Interpreting Slavery at Museums and Historic Sites (Rowman & Littlefield, 2014)I posted this announcement over at the Tracing Center earlier this week.

We’re pleased to announce the release of the Tracing Center’s new book, Interpreting Slavery at Museums and Historic Sites (Rowman & Littlefield, 2014).

“This seminal work … will make a significant impact.”

— Rex M. Ellis, Associate Director, Smithsonian National Museum of African American History and Culture

Interpreting Slavery, edited by Kristin Gallas and James DeWolf Perry, is the most visible product to date of a three-year Tracing Center project to develop and disseminate best practices in slavery interpretation. This project has also included surveys of the field, workshops at historic sites and museums, conference presentations and instructional sessions, as well as additional publications.

The book is a collaboration with seven leading public historians with deep expertise in navigating the interpretation of slavery:

  • Dina A. Bailey, National Center for Civil and Human Rights
  • Patricia Brooks, National Endowment for the Humanities
  • Richard C. Cooper, National Underground Railroad Freedom Center
  • Conny Graft, Conny C. Graft Research and Evaluation
  • Linnea Grim, Monticello
  • Katherine D. Kane, Harriet Beecher Stowe Center
  • Nicole A. Moore, Museum Educator and Historic Consultant

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The Tracing Center’s year-end newsletter is now available, highlighting what my colleagues and I have accomplished in 2011:

Today is the 150th anniversary of the outbreak of the U.S. Civil War.

On January 9, 1861, shore batteries in Charleston, South Carolina opened fire on the steamer Star of the West as that merchant ship attempted to reach Fort Sumter with fresh troops and supplies. The Star of the West was hit and forced to retreat, setting the stage for a wider conflict to break out in April, when Fort Sumter would run out of food and be forced to surrender if not reinforced.

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“Quick Takes” offers a mix of news, opinion, and research related to race, privilege, and inequality.

Today’s “Quick Takes” includes racial profiling, textbooks with offensive stereotypes, movement on the Goodwin Liu nomination, and our film being screened in the Dominican Republic.

Readers are encouraged to share these stories and to offer their thoughts at the end of the post.

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I can now share that three of us from Traces of the Trade—director Katrina Browne, Tulaine Marshall, and I, are scheduled to travel to Cuba next week for the visit of the Amistad.

We are scheduled to sail into Havana’s harbor on board the Amistad on March 25, in conjunction with the United Nations International Day of Remembrance of the Victims of Slavery and the Transatlantic Slave Trade.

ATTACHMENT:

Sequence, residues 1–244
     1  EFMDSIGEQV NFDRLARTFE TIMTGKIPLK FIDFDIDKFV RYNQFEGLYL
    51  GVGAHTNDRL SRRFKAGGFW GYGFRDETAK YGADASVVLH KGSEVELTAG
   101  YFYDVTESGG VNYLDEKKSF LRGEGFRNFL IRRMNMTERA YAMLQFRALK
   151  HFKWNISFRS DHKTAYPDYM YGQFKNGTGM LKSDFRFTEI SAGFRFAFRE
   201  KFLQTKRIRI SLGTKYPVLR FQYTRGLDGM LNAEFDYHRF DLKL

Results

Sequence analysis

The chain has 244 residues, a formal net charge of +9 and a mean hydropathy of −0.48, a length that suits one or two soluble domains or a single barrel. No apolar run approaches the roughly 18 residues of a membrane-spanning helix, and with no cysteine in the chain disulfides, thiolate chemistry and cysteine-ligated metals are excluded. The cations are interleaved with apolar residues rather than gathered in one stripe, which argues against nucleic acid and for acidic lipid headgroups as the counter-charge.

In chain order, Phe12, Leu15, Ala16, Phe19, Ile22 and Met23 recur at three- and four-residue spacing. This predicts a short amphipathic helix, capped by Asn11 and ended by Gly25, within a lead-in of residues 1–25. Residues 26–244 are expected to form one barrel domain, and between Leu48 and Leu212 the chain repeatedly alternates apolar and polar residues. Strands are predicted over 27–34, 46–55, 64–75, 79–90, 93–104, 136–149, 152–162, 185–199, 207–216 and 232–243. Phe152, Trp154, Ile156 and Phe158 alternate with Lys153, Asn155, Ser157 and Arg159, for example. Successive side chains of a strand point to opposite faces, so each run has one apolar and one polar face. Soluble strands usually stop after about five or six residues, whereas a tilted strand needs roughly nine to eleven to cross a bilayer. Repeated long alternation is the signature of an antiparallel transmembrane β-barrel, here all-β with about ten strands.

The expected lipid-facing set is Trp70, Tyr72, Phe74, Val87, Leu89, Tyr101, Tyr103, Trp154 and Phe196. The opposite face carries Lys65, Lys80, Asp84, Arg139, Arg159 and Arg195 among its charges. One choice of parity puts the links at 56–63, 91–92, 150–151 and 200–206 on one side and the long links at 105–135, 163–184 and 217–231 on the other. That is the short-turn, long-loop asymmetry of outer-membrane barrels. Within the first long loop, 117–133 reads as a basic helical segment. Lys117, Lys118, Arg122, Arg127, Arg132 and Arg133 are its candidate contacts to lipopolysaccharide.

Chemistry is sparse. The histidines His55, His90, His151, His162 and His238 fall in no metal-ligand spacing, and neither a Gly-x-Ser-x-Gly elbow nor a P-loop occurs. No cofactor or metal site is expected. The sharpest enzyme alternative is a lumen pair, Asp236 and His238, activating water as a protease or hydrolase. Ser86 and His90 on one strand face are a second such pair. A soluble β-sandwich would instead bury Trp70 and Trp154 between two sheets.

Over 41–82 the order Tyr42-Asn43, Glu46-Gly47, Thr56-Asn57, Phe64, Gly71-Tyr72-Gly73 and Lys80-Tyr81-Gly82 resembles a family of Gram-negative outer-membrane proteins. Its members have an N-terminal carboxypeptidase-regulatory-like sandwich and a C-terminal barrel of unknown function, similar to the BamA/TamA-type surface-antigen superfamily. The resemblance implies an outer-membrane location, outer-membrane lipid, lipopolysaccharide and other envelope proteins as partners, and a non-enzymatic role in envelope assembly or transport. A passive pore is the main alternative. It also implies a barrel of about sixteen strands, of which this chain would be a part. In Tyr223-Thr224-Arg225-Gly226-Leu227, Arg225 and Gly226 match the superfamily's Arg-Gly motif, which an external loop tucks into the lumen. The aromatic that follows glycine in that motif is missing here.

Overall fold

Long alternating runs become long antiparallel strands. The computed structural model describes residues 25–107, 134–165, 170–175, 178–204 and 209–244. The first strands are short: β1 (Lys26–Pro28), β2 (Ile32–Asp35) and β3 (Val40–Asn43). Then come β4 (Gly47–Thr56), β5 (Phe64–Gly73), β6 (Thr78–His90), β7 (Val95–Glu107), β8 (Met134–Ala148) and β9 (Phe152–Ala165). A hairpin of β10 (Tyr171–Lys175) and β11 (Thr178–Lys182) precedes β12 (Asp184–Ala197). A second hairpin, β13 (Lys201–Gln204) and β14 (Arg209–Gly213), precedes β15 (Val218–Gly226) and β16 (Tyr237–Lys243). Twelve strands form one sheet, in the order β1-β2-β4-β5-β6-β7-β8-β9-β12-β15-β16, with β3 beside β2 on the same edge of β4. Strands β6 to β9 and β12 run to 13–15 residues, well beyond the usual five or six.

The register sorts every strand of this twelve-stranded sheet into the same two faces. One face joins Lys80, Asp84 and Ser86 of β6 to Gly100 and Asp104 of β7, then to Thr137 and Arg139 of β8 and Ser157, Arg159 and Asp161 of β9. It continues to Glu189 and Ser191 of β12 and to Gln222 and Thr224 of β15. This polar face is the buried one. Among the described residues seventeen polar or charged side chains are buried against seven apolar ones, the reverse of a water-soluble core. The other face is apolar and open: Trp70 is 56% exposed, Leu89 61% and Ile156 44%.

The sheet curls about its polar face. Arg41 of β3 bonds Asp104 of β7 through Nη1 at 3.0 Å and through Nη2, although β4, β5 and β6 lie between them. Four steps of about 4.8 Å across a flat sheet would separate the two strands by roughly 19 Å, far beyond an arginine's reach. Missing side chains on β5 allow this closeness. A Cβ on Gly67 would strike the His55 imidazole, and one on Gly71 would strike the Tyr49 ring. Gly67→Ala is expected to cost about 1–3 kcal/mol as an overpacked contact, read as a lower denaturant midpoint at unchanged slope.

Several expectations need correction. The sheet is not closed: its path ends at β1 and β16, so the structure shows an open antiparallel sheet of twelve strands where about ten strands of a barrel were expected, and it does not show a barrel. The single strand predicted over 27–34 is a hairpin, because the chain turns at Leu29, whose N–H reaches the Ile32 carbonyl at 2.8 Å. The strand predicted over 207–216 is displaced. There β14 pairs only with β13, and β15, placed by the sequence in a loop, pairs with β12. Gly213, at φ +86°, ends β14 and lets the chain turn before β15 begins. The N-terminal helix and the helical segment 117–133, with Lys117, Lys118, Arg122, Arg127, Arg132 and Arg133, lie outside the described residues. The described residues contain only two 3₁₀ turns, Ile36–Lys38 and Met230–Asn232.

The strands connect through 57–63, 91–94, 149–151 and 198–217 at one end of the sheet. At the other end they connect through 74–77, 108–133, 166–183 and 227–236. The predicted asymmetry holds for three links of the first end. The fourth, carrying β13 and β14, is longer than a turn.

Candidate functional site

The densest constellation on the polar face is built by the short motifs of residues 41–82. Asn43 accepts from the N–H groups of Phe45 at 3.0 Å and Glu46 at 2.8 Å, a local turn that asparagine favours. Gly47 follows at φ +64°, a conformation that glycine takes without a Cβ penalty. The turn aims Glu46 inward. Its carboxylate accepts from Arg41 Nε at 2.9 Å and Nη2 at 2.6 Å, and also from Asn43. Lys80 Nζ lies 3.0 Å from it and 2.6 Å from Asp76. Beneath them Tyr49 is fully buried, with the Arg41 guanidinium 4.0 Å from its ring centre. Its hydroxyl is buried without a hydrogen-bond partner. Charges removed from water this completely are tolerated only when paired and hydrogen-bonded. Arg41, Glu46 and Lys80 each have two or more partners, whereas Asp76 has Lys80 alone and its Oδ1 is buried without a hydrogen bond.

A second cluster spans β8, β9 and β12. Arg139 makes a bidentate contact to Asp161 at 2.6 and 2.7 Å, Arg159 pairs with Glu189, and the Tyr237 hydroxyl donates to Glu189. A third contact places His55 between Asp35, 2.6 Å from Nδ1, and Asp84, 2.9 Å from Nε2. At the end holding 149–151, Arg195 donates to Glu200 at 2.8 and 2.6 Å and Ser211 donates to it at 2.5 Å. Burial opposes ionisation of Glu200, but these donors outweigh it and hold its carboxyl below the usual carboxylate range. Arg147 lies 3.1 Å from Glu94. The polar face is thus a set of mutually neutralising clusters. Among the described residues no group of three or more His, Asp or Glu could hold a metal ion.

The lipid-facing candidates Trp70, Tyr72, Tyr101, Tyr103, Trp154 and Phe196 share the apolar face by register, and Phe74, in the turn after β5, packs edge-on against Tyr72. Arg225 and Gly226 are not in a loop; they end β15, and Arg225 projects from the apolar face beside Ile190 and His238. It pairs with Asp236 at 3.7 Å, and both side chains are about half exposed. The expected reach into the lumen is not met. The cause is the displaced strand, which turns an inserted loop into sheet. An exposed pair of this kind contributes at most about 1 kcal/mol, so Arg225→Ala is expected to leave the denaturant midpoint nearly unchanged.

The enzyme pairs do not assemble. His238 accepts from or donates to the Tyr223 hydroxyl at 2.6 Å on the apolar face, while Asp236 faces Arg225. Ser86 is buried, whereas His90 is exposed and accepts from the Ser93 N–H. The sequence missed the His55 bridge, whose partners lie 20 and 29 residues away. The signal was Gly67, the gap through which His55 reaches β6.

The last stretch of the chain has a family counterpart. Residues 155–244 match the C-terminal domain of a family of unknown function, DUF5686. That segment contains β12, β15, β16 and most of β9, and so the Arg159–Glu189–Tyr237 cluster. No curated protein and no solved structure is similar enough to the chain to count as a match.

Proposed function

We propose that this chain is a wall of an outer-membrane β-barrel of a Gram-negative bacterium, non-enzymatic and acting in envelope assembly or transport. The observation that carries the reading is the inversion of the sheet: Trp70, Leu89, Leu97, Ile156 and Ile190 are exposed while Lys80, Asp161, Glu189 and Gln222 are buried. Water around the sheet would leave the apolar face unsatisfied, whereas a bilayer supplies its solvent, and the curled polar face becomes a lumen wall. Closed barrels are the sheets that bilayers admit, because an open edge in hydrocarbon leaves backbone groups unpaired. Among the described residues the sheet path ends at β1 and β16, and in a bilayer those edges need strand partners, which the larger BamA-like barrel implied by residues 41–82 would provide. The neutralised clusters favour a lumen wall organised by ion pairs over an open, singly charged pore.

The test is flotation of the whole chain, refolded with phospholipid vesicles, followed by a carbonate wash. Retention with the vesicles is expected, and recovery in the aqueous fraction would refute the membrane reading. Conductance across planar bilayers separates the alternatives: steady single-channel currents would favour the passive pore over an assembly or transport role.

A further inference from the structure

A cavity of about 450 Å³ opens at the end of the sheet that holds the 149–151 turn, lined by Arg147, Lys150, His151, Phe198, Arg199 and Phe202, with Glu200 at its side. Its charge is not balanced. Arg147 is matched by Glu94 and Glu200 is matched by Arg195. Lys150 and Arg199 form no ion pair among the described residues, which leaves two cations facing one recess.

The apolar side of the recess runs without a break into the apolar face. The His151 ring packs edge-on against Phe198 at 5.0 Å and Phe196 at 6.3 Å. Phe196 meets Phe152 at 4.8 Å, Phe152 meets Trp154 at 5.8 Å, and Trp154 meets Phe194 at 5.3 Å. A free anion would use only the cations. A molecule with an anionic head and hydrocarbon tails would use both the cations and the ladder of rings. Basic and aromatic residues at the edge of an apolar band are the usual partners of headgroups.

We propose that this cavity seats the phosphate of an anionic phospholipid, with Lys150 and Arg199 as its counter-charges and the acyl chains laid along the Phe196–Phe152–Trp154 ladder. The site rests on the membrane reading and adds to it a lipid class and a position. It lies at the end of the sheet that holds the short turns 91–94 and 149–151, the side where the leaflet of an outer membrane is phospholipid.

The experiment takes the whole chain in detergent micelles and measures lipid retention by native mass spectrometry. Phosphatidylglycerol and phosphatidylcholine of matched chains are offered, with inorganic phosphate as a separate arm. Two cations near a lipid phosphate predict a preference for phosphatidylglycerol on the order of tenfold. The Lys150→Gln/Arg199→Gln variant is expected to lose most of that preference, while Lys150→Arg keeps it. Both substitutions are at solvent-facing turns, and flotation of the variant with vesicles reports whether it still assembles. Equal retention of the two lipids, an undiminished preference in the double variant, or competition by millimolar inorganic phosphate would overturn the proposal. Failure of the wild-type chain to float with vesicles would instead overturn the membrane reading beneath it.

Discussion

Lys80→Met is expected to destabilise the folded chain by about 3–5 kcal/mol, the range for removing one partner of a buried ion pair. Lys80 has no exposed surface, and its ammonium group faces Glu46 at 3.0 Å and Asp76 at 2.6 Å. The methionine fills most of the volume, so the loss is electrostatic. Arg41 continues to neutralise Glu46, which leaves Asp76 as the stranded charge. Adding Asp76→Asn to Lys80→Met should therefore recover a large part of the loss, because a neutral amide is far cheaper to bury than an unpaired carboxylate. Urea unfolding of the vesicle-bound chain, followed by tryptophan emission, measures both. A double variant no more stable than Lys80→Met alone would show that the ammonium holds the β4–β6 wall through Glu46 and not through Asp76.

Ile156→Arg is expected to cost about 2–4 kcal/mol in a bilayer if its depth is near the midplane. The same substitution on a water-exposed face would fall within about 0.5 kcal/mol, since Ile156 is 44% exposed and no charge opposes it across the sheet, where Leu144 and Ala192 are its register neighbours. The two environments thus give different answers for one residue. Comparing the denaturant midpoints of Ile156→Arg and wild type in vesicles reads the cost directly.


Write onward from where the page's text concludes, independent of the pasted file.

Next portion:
We also expect to hold the Cuban premiere of the documentary, which was filmed in part on location in Cuba, in Havana on March 27.

Katrina and I have not been back to Cuba since filming Traces of the Trade, and we are eager to share the film with the Cuban people, as well as to engage in further historical research on the D’Wolf slave trade, continue the search for slave plantations owned by the D’Wolfs, and look for descendants of those enslaved by the D’Wolf family. We are also looking forward to reuniting with those who helped us make the film, including Cuban filmmaker Boris Crespo, who was our Cuban line producer.

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It’s official: The Amistad will sail to Cuba next week.

The schooner Amistad, the replica of the famous ship which experienced a slave revolt in 1839 and a subsequent court case, will sail to Cuba next week for a ten-day visit at the conclusion of its 2010 Caribbean Heritage Tour.

Amistad is scheduled to arrive in Cuba on March 22. The vessel will first visit Matanzas, a port that is closely associated with slavery in Cuba and the site of a UNESCO-sponsored slavery museum. On March 25, Amistad will sail to Havana for a week-long port call and a variety of public events.

The Amistad‘s visit to Cuba coincides with the United Nation’s International Day of Remembrance of the Victims of Slavery and the Transatlantic Slave Trade on March 25. Activities will include a three-hour simulcast to the United Nations in New York. This will also be the tenth anniversary of the launching of the replica Amistad from Mystic Seaport in Connecticut.

Those of us associated with Traces of the Trade and the Tracing Center on Histories and Legacies of Slavery are proud to be partnered with Amistad America in support of this tour.